My Child Has a Bunion: Do They Need Surgery?

Vintage, antique athletic shoes on a white background with jeansBunions aren’t just found in adults. These painful bumps can occur in children too, especially in teenagers. Bunions cause pain, sometimes severe, and children are often especially embarrassed by them.

No one wants their child suffer from a painful health condition, let alone have to undergo surgery to fix the ailment. With that being said, it’s important to know when it’s necessary to have bunion surgery. The answer largely depends on the level of discomfort they are experiencing and whether their activity is limited as a result. Severe bunions can be incredibly painful and prevent children from participating in sports, walking long distances, and being active in general.

If left untreated, bunions can lead to chronic pain, deformity, and arthritis, as well as hammer toes, ingrown nails and calluses. There are non-surgical options that may treat symptoms. However, when nothing else alleviates pain, surgery may be your child’s only option.

The bunions children get are somewhat different than bunions in adults. In adults, a bunion forms from misalignment of the big toe joint, while children suffer from structural problems. These structural problems can range from the bones pointing inward too much to the cartilage shifting.

“Children’s feet are soft and pliable because they are still developing, so the foot can easily become deformed if abnormal pressures are put on them,” says Greensboro podiatrist, Dr. Kathryn Egerton.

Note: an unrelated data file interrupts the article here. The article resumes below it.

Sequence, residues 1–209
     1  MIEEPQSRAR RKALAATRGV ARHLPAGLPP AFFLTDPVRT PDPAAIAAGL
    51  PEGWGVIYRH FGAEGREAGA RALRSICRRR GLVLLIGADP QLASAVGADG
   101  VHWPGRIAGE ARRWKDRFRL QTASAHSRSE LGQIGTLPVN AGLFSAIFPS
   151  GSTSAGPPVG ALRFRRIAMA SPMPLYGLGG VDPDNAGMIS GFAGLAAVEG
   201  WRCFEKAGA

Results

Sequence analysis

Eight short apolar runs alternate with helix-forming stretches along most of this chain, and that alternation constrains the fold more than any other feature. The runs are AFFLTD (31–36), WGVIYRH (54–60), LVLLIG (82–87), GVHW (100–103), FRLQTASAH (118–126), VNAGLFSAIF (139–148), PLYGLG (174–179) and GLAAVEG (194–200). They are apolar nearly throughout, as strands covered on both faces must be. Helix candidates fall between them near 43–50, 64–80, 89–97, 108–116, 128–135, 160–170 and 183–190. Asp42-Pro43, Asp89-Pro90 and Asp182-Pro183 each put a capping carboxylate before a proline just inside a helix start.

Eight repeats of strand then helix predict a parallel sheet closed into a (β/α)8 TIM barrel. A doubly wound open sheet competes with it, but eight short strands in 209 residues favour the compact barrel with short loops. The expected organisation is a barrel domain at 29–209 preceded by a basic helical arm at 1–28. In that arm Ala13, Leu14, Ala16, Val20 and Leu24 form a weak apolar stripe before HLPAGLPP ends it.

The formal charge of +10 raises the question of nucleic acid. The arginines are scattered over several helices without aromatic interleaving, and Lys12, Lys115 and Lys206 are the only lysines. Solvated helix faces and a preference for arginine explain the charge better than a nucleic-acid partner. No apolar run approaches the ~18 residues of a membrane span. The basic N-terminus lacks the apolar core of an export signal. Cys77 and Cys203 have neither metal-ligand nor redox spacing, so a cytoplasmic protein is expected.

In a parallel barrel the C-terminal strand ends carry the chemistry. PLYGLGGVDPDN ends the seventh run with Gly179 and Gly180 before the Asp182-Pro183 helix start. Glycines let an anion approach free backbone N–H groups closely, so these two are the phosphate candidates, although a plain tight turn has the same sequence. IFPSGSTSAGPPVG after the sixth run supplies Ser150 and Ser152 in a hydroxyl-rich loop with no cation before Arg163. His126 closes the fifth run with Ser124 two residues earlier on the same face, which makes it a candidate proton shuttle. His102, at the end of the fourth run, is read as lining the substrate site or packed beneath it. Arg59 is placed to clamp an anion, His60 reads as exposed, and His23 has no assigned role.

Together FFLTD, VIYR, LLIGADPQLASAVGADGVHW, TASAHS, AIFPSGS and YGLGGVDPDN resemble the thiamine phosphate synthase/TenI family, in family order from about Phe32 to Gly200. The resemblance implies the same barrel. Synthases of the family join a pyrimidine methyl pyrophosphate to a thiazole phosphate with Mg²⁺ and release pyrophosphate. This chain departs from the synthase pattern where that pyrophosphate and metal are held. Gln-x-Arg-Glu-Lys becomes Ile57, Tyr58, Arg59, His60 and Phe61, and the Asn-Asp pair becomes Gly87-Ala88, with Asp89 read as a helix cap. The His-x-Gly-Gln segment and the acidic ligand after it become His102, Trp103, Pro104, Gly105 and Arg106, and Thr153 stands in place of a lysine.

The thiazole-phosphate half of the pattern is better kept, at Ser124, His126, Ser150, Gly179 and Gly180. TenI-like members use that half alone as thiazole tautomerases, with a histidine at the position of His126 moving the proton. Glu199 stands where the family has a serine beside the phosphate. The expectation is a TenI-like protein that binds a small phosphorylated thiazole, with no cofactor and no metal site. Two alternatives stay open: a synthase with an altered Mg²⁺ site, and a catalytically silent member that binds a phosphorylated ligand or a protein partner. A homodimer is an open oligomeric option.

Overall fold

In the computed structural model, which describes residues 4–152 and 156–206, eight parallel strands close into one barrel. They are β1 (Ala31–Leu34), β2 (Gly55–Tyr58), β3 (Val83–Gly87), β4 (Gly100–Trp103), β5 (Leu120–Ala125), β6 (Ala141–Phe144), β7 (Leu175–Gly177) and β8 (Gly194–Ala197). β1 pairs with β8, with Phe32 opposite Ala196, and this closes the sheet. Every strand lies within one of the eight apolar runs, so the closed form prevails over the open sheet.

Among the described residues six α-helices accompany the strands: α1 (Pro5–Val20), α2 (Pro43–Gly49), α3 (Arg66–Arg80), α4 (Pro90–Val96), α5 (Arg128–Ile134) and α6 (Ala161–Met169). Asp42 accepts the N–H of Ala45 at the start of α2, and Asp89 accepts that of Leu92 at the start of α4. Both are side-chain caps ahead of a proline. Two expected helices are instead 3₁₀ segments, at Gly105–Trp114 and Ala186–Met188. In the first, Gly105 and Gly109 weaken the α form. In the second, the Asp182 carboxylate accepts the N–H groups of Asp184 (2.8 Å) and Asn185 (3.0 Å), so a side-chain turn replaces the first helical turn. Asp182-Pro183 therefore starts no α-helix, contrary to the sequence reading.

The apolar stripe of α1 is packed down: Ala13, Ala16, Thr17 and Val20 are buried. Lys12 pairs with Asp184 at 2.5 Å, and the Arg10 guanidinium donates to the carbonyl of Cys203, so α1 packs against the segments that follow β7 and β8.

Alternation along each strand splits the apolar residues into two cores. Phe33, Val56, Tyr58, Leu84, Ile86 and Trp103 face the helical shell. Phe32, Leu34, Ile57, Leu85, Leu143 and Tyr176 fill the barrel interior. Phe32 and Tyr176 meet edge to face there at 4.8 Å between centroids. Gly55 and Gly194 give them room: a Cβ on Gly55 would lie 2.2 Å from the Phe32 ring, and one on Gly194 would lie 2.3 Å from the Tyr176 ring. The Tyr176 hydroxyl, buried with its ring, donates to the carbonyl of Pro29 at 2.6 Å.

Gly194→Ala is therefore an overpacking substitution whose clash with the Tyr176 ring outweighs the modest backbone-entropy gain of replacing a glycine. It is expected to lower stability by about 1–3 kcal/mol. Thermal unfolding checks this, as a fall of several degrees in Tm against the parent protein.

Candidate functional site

Bunion development in children is often aided by tight, narrow, elevated and small shoes, which can lead to pressure being applied to the toes, causing bunions to form. Children can also develop bunions due to genetics, loose joints, and having flat feet.

Fortunately there are non-surgical options available to treat bunions. They begin with managing the symptoms and addressing the structural issue. Treatments can include padding of the area, orthotics, changing activity, and avoiding ill-fitting footwear.

If surgery is the only option, your doctor will discuss with you which option is best for your child. The surgery is not done for cosmetic purposes, but rather for treatment due to pain and interference with physical activity.

A main concern among parents is that their child’s bones are still growing. The type of bunion surgery selected for your child will take the growth plate into account. In general, the surgery involves breaking the bone in one of two areas. Mild bunions are treated close to the big toe, with little risk of the growth plate becoming involved. Large bunions are treated with a bone cut at the bottom of the bone, closer to the growth plate, but far enough away to safely avoid it.

If your child has bunions, it’s best to address the issue sooner rather than later. The first step to bettering your child’s foot health and comfort is talking to your podiatrist. The podiatrists at the Triad Foot Center are experienced in treating pediatric and adolescent bunions.

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